My mom died fourteen years ago today. Through the grace of God, I managed to survive 14 full laps around the sun without my guiding light. Grief is an emotional parasite that, at times, emptied me into a hollow shell of myself. I felt snared in a vapid, dusky night… unable to see the sunrise.
So, I meandered aimlessly, a mock-up of a life
I smiled through the paralyzing pain. I snickered through the unceasing via dolorosa that had become my identity. I was jubilant while the searing tears descended my crimson cheeks. I didn’t hide out in the confines of my bedroom because my mom never gave me that example during the trying years of her life. She wanted more for me, and I wanted more for my five children. Don’t get me wrong — there are days I still wallow — but the measures between those moments grows longer . Even though my mom’s no longer on this earth, she showed me the way. And I still ache for her guidance every day.
Here’s a few things I miss most about my beloved mom.
1. I miss her baking. She was the only person I knew who could clean the house, make a big dinner, bake and decorate a birthday cake for the neighbor’s kids, complete with scented rosettes and beautiful lettering.
2. I miss her reassuring smiles, her warm, comforting embraces, her unparalleled compassion for anyone fortunate enough to look into her soulful, doe-shaped eyes. When she cared for my dying grandparents while nursing numerous foot and shoulder surgeries, she still found time to show compassion and love to everyone around her.
3. I miss her voice. I talked to her at least six times a day. How is it possible I have survived 14 years without her telling me what the hell to do? How is it that I still wait for my phone to ring at 8:30 a.m.?
4. I miss asking her questions only she can answer. Did I ever act that way as a child, mom? What was I like when I was 4 years old? Was my [daughter, son, son, daughter, son] like me? Did you have this happen to you? What would you do if you were me?
5. I miss her inappropriate humor, and becoming “punch drunk” with her She and I seemed to have a problem with laughing in inappropriate places, funerals, hospitals, church, you name it. Often, when we would go shopping, we would laugh until we could not stop, often causing onlookers to think we were drunk. Sometimes our incessant laughter caused a mad dash to the rest room! God, I miss you, Mom. When you died, that intense laughter died too.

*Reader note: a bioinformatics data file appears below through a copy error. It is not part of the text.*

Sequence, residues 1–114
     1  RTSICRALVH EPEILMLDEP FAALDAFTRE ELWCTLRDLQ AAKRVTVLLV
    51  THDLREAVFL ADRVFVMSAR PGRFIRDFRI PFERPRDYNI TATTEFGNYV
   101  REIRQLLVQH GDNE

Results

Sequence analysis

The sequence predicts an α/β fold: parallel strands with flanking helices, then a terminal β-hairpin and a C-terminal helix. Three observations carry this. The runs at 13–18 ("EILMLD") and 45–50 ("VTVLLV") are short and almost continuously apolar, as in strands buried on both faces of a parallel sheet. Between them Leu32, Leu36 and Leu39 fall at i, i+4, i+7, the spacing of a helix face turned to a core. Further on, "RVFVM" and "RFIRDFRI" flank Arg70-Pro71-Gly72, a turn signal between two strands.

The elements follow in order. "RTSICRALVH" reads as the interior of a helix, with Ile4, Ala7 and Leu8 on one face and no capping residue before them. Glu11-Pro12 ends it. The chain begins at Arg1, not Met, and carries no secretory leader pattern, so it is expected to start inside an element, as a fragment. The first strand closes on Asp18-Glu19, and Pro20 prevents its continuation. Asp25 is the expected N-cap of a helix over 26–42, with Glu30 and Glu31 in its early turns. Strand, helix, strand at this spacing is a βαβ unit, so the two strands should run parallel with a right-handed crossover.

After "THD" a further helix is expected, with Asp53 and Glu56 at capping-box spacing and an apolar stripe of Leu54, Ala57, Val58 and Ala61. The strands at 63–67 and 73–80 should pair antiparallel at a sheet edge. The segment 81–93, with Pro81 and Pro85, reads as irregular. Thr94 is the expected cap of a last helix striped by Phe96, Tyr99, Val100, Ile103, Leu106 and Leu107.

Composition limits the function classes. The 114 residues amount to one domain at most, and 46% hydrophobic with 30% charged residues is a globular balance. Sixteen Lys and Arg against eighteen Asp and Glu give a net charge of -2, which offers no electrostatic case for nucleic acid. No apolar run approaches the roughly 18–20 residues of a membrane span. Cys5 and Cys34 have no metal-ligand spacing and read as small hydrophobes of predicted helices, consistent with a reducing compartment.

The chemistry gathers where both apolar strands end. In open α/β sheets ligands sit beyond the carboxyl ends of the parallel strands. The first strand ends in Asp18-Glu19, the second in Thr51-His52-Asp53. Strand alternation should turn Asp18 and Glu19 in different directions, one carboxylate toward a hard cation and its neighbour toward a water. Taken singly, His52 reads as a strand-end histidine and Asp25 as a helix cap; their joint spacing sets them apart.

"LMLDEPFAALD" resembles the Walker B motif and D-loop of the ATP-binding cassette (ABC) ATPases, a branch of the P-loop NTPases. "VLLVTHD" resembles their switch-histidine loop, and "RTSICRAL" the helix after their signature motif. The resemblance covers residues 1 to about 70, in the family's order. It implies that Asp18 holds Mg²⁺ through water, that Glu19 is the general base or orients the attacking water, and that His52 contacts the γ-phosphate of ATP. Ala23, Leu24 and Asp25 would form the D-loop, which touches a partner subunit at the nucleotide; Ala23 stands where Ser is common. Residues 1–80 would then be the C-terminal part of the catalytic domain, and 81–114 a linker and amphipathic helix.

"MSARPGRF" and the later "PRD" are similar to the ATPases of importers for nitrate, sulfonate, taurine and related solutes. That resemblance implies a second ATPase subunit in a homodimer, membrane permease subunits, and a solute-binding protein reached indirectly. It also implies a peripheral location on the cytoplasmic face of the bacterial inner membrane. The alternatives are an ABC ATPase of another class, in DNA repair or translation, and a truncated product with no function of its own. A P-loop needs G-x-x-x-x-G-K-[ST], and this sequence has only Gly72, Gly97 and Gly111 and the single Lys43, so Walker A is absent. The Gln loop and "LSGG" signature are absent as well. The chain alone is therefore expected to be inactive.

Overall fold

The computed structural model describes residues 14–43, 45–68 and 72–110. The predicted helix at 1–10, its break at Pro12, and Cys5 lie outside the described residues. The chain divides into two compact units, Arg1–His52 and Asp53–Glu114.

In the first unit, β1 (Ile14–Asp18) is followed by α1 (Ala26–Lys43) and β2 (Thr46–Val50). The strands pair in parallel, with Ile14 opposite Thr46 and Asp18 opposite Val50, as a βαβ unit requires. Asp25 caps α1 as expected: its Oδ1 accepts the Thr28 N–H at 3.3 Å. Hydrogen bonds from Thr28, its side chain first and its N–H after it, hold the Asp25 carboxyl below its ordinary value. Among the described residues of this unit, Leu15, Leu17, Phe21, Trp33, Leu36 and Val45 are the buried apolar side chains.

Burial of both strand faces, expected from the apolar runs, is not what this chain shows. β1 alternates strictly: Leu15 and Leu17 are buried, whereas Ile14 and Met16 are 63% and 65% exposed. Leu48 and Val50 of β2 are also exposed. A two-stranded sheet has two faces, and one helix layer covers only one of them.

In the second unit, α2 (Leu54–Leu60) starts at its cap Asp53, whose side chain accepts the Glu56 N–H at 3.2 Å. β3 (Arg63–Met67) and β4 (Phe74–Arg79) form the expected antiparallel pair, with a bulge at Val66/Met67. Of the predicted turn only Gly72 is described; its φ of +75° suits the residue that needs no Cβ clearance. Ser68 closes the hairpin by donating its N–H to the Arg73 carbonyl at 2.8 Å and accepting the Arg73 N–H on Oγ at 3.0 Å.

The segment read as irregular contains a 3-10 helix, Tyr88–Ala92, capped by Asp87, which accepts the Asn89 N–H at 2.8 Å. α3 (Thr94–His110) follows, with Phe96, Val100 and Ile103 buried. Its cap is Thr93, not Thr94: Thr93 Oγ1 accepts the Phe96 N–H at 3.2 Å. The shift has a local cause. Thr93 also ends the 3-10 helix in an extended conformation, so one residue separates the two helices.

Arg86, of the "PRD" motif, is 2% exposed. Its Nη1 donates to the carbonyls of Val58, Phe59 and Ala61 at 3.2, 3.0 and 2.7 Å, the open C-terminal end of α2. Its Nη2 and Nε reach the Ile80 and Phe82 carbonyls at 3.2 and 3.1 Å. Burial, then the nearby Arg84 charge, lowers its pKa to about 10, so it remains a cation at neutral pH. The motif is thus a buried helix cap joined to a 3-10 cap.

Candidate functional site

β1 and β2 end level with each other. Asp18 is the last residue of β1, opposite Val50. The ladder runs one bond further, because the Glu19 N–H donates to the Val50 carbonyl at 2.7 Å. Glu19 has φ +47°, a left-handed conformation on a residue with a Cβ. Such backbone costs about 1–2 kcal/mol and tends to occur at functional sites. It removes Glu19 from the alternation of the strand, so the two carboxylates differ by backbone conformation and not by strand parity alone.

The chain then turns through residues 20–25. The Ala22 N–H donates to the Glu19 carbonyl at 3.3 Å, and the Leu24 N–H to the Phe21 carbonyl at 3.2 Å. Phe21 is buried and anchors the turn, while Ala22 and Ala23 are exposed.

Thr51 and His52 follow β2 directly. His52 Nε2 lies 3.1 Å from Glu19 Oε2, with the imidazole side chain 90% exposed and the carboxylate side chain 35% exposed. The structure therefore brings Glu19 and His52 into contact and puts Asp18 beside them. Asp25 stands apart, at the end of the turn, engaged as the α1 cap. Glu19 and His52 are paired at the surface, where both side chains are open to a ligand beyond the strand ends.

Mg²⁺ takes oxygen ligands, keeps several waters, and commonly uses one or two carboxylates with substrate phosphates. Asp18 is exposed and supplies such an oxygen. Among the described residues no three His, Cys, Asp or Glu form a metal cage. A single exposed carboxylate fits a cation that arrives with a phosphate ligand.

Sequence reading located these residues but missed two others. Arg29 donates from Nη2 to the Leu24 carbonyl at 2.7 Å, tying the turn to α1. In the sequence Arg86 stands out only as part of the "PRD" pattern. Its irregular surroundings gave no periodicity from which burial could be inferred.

6. I miss telling her about my life. I am a writer, mom. Remember when I first shared this dream with you? Mom, I recently co-authored a book. My kids are all grown up and you would be so proud of each of them! I have 9 grandchildren, Mom, which means you have 9 great grandchildren! Imagine how fun it would be at Christmas?
7. I miss seeing her sitting across from my children, telling them stories of her childhood and sharing her love of music and art with them. There was a magic about my mom. She was a blend of Julie Andrews, Cinderella’s fairy godmother and Carol Burnette. She could make the most sullen child laugh and she made it look easy. She was my Wonder Woman.
8. I miss sharing the holidays with her. She loved the day after Thanksgiving shopping (well before it was known as Black Friday). After a massive Thanksgiving Dinner, we’d make plans over dishes for the next day’s activities. I’d bundle all 3, 4 or 5 of my children into snowsuits and we’d leave at 3 am to shop the big bargains. We’d come home around 2 pm, exhausted, promising we would never do it again. But we always did.
9. I miss the things that once drove me crazy. none of which I will share here because I love and respect her too much.
10. I miss her validation. She helped me believe in myself and she believed in me before I could do so, myself. She helped me to dream. She told me the truth and she helped me get through an enormously difficult time in my life. I hope she knew how much her opinion meant to me.
11. I miss her companionship. She was my very best friend. A part of me was buried right next to her in St. Charles Cemetery.
12. I miss her unconditional love. No one loved me like my mom, and no one ever will again.